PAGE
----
Five Georgia peaches make their grand debut
Gone are the docile, congenial housewives of yesteryear. Far from desperate, Lisa Wu Hartwell, who is married to NFL player Ed Hartwell, is a hustler. She owns a real estate firm, Hartwell & Associates, a jewelry line called Wu Girls, a children’s clothing line, Hart 2 Hart Baby, and juggles a budding acting, modeling and writing career. She’s also mommy to 13-year-old Jordan, 10-year-old Justin and 1-year-old EJ.
ESSENCE.COM: Dramality TV can be tough on a sister’s reputation. What inspired you to do this?
LISA WU HARTWELL: Honestly, I thought it was a great platform for all of my businesses. I discussed it with my husband, Ed, and we both agreed that you can’t pay for that kind of advertising. The cost would be astronomical, [but by doing this] the exposure will be astounding.
ESSENCE.COM: There has been a lot of criticism about the cast and the fact that not all of the women are housewives. Did you have any apprehensions about putting your personal life out there?
WU HARTWELL: It didn’t dawn on me until the preview was about to air. I thought, Oh my God! What have you done? You’ve opened yourself up to millions of people. But I must say I liked the preview. Regarding the criticism, I believe everyone is entitled to their opinions. I could easily respond with a negative comment or thought because I’m human, but I can’t really worry about what the masses are thinking of me, because either you like me or you don’t. There are a lot of hateful people out there, and being on a show like this, you might have to become the sacrificial lamb. Unfortunately, for a lot of folk, negativity is entertaining, but I had a great time with the women. We still chat, and they’re hysterical. At the end of the day, you have arguments and there’s drama, but we definitely had a good time.
ESSENCE.COM: Black women often get the bad rap when they appear on these reality shows. Do you think you came off as an ABW (Angry Black Woman)?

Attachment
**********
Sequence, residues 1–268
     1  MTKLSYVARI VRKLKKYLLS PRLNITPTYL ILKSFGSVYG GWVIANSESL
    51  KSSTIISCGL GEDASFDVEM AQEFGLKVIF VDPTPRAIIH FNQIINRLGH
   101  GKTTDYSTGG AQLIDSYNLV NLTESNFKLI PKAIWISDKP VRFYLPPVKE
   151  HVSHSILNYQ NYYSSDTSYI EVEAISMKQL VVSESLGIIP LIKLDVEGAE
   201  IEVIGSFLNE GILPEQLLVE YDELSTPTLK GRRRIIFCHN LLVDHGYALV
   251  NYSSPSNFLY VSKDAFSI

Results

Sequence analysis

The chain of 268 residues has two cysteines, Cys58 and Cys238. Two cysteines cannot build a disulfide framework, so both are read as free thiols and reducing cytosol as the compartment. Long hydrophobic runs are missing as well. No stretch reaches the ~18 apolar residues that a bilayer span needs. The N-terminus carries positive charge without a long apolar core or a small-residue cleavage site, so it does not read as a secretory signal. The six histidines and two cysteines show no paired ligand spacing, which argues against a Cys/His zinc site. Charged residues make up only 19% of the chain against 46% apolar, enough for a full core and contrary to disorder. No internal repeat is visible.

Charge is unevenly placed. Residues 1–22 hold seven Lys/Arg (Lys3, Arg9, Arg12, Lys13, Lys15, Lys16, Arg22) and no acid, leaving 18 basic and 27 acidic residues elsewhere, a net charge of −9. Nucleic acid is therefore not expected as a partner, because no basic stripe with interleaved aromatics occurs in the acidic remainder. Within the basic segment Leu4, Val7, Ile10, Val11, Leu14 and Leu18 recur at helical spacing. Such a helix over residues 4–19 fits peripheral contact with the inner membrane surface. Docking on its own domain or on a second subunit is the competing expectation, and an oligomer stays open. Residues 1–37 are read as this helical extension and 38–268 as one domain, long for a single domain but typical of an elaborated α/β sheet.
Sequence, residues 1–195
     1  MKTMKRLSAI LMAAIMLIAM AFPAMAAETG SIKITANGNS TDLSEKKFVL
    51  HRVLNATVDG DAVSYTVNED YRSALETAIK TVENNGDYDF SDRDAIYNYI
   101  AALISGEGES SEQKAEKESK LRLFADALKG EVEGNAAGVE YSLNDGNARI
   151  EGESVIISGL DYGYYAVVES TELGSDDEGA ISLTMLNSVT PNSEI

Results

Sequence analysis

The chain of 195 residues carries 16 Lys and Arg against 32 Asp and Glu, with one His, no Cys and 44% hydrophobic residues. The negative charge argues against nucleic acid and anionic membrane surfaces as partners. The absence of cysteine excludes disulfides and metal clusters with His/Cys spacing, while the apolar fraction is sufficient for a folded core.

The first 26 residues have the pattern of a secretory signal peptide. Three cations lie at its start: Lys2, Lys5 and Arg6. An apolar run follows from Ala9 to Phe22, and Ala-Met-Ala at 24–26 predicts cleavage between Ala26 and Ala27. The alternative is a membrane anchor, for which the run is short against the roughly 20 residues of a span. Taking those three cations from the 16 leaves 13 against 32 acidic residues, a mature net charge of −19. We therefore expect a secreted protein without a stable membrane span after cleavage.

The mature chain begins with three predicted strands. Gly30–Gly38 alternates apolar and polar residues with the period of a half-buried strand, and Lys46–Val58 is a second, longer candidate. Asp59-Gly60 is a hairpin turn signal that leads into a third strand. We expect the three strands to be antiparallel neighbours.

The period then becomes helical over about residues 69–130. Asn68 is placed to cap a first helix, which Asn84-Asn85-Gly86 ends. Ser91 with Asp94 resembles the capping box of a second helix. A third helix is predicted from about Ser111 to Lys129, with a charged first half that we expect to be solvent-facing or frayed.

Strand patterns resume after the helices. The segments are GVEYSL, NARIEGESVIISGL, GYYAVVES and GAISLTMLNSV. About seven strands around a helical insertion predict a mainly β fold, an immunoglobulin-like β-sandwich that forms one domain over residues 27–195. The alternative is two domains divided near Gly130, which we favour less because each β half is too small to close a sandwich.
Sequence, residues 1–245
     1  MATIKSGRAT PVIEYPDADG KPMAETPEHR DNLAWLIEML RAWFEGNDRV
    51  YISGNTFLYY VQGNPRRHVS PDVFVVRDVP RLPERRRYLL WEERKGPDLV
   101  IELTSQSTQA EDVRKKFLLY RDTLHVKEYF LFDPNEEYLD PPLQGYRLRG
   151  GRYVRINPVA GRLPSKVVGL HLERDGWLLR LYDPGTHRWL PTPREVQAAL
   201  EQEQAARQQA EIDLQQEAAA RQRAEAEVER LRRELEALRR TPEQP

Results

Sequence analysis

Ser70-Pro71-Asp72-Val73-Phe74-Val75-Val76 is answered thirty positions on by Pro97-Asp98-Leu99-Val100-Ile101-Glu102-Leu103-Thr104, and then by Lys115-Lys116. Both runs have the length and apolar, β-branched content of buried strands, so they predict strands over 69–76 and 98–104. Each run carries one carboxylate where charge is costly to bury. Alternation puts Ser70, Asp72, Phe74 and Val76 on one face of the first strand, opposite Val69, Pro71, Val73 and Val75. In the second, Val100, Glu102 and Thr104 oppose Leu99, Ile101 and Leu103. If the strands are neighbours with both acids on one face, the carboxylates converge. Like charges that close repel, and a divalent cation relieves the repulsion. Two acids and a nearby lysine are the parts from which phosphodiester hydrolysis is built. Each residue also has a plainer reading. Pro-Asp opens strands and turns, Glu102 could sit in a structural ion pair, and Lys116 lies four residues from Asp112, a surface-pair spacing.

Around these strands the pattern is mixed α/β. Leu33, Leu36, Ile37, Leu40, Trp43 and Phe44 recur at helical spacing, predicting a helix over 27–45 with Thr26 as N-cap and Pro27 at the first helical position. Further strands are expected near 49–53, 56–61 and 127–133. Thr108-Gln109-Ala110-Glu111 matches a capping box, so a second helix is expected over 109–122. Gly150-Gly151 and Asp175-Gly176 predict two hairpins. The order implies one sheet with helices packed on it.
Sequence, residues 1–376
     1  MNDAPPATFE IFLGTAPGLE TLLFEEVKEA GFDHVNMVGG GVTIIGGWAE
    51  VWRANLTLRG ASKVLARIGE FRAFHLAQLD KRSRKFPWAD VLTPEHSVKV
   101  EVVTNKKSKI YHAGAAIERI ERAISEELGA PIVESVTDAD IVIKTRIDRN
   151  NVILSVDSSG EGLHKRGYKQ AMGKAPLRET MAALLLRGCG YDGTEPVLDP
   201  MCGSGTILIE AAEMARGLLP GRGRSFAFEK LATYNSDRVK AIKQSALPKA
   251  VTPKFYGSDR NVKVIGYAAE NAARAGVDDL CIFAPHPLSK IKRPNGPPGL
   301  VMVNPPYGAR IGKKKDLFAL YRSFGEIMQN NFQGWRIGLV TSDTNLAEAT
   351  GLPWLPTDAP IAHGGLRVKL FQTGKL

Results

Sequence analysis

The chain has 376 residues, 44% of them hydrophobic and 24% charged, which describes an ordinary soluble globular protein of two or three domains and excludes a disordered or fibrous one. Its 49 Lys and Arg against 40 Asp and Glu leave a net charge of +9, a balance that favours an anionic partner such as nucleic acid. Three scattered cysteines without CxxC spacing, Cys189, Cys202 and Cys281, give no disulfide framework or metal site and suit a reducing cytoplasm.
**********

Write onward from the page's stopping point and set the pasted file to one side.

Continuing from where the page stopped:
WU HARTWELL: You know it’s crazy because there are always double standards when Black women are angry or upset. It’s more tolerated from White women, and I’m not racist because I’m half Asian, but let a White girl curse someone out and the reaction is like, ‘That’s great and exciting!’Another example is Hugh Hefner; he’s considered the man because he has playboy bunnies, but if you get a Black guy who does the same thing, then he’s a pimp and his girls are considered “hoes.” It’s a crazy stereotype and double standard.
ESSENCE.COM: Sad, but true. Was there ever a moment that the cameras felt too intrusive?
WU HARTWELL: I’m used to cameras being around because I hosted an entertainment show called “The Industry,” but opening up your home to millions of viewers who will be able to see everything you’re going through is another thing. There was a moment where I got sick and had a 104-degree fever. The cameras were still rolling! I’m like, are you kidding me? The hardest thing about shooting this show was that I didn’t get to see my kids. I have three boys, but my 13-year-old son from a previous relationship isn’t on the show because his father wouldn’t sign the waiver to allow him on.
ESSENCE.COM: Since living under the microscope, what’s the one self-discovery you’ve made?
WU HARTWELL: I might need to relax and have fun. The perception might be that all I do is work and that I’m a little hyper and could use a sedative. People always have a hard time believing I’m from the South because I move and talk so quickly. I could definitely stand to unwind a little, but I’m always working. My family knows that I’m driven. I’m always bouncing off the walls and folk must be thinking, This girl is crazy! My husband will say, ‘Baby, slow down,’ and I need that sometimes. But my hope is that when women watch this show, they’ll recognize that you can speak your goals and dreams into existence. If you’re passionate about something, don’t fail to prepare—make it happen!